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Health Issues

Emotional Eating

Children (as well as adults) use food for reasons other than to satisfy their hunger and nutritional needs. In fact, obese youngsters often eat in response to their emotions and feelings.

Consider whether your own parents used food for comfort in your household. This is a common phenomenon, beginning at birth. A baby’s crying or irritability is typically met with breast milk or infant formula, and feeding becomes a way of calming and quieting him. At birthdays and holidays, when children are surrounded by family and are feeling loved, they’re often given cookies or other desserts that become a symbol of this love and caring.

These days, whenever your own child is feeling anxious, perhaps related to an upcoming math test or because he’s being teased at school, he may turn back to food as one way of making him feel better. At the same time, however, there are many other reasons beyond comfort that may prompt children to eat.

Does your youngster sometimes reach for food when he’s experiencing any of the following?

  • Boredom
  • Insecurity
  • Anger
  • Depression
  • Loneliness
  • Happiness
  • Stress
  • Fatigue
  • Frustration
  • Resentment

Even though food can become a welcome companion for your child, the outcome may not be quite what he expected. Ironically, if he overeats as a way to soften feelings of insecurity or depression, for instance, or perhaps because of stress over an oral report he needs to give at school, he may feel even worse after a food binge, knowing that it can aggravate his weight problem. Before the food is even digested, he might be feeling guilt or shame.

In fact, one of your biggest parenting challenges is for you and your child to determine whether he’s eating for the right reasons. Ask yourself questions like, does he eat at times other than regular mealtimes and snacks? Is he munching at every opportunity? What factors might be contributing to his overeating that call for you to intervene?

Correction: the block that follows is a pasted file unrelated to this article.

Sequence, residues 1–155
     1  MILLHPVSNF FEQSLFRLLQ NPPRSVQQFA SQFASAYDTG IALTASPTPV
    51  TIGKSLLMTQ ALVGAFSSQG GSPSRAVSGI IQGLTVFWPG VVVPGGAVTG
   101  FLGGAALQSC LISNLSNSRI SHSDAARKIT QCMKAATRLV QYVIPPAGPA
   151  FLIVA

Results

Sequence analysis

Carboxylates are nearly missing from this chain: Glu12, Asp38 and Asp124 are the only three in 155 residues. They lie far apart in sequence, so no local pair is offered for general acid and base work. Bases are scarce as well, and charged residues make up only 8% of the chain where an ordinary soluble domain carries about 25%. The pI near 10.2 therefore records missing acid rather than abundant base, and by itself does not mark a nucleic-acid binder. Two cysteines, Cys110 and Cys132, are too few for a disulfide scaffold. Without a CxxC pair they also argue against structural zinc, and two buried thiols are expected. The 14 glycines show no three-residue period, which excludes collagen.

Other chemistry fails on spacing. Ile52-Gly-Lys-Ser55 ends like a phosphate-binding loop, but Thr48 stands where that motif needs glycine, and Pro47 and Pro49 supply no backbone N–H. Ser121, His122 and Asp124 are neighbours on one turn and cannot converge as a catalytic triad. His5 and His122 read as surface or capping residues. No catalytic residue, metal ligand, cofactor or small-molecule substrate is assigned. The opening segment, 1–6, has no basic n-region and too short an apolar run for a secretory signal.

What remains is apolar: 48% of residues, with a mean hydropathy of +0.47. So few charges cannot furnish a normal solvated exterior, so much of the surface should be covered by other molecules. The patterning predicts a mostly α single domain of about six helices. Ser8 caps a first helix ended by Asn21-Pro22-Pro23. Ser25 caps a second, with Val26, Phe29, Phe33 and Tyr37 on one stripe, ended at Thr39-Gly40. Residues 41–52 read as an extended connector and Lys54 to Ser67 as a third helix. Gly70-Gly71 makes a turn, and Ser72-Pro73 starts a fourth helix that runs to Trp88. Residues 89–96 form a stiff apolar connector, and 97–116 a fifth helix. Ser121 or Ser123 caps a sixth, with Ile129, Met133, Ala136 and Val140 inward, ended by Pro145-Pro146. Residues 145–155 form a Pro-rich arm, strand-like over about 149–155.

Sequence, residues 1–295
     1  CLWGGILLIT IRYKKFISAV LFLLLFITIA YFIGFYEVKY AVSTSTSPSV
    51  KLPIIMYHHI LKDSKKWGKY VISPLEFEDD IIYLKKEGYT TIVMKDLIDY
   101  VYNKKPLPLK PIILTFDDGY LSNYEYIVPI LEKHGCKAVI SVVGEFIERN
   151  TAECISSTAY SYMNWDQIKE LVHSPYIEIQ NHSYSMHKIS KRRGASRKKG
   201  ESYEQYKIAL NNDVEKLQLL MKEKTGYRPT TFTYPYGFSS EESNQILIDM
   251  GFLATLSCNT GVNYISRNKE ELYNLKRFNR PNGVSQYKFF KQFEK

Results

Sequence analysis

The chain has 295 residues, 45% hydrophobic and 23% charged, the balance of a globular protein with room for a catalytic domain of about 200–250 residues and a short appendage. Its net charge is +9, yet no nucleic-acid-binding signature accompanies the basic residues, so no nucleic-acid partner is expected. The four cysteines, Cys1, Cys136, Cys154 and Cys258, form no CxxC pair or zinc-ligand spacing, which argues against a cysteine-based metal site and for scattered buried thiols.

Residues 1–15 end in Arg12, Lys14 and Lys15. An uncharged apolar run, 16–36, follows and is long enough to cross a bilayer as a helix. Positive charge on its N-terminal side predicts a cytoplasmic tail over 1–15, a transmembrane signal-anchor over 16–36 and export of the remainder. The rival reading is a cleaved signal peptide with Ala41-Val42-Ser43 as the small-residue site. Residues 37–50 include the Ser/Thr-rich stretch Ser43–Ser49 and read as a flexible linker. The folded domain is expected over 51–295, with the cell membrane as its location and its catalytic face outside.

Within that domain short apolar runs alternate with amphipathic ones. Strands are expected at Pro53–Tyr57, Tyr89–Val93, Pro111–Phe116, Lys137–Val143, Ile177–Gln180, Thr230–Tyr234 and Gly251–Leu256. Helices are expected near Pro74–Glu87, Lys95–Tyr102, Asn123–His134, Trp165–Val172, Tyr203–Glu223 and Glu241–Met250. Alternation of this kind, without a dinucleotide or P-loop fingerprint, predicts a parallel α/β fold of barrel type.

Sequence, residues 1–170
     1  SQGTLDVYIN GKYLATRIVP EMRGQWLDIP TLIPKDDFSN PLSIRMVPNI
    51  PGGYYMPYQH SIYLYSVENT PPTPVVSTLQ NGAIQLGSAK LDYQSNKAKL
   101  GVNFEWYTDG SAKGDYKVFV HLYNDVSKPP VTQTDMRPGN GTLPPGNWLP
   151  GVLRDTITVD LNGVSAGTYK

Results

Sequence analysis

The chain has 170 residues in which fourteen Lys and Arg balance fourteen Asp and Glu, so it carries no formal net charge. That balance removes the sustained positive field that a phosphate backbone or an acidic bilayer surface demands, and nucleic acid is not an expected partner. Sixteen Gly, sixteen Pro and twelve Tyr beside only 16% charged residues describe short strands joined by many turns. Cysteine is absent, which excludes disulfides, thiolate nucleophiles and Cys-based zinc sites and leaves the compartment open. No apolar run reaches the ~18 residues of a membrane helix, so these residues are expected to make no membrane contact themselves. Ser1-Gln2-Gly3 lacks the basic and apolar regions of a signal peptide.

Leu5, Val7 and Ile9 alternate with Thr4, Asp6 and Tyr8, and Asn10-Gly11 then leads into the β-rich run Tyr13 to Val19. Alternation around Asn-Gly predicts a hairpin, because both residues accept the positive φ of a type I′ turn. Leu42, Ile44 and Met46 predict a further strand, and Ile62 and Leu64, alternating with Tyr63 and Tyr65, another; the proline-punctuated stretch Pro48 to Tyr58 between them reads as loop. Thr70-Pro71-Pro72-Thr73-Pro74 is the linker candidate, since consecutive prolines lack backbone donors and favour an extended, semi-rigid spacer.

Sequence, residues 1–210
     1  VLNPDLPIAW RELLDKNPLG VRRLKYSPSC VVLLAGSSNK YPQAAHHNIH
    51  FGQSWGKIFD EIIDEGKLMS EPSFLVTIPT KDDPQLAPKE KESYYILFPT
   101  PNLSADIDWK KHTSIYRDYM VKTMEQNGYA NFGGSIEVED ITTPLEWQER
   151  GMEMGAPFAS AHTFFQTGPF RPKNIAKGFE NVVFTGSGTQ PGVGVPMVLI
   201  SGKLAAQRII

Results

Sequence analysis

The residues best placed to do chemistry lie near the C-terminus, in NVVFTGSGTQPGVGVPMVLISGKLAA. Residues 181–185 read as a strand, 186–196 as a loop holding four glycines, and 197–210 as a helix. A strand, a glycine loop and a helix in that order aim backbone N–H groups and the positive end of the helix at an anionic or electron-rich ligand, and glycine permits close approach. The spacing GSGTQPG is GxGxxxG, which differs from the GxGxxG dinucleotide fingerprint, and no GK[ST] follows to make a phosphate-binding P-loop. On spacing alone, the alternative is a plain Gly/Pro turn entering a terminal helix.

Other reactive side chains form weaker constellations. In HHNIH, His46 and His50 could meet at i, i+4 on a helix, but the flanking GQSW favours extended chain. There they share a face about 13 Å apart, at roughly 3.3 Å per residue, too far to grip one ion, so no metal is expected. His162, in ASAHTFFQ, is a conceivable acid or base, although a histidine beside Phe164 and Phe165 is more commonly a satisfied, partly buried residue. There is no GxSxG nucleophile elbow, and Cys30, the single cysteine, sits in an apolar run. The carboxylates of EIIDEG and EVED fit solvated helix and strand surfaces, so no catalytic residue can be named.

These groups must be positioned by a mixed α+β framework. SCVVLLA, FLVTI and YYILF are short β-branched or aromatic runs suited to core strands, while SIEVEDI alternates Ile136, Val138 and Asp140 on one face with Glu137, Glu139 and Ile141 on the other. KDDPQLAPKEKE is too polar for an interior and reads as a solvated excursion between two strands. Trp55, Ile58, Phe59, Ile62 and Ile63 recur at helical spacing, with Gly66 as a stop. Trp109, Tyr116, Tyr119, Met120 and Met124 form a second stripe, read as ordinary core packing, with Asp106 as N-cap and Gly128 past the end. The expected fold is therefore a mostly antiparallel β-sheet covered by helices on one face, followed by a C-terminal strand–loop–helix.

Avoid rewarding children with food

Some parents inadvertently contribute to their children’s obesity by rewarding their youngsters with food (does an A on a test sometimes lead to a trip to the ice cream shop?). There are other, healthier ways to offer praise and rewards. For a young child, how about giving him a few stickers as a reward, or perhaps schedule a shopping trip to buy a toy or new pair of shoes?

Don’t overlook the importance of verbal praise. When your child is doing things right, tell him. Notice how words of approval can boost his self-esteem and help keep him motivated to continue making the right decisions for his health and weight. Even when he’s having difficulties staying on course with his diet, look for other ways to offer praise (“You walked more than half a mile today, that’s so great!”).When he backslides, don’t nag him or make him feel like he has failed. Encourage him to keep moving forward, and even if he complains from time to time (“I want a soft drink, not ice water”), encourage him to stay the course. Offer him all the support he needs and deserves.

Watch your words

It’s important for parents to listen to how they’re speaking to their children. Is it mostly negative? Is it often critical? It’s hard for anyone, including children, to make changes in that kind of environment. Some parents actually try to embarrass their overweight children into making changes (“Billy, you’re getting fatter again!”), figuring that if he sees himself as unsightly, he’ll be motivated to lose weight. Don’t count on that strategy working. Even if your child is able to make changes under these circumstances, those improvements are not likely to last without some parental praise and positive reinforcement along the way.

Last Updated
A Parent's Guide to Childhood Obesity: A Road Map to Health (Copyright © 2006 American Academy of Pediatrics)
The information contained on this Web site should not be used as a substitute for the medical care and advice of your pediatrician. There may be variations in treatment that your pediatrician may recommend based on individual facts and circumstances.
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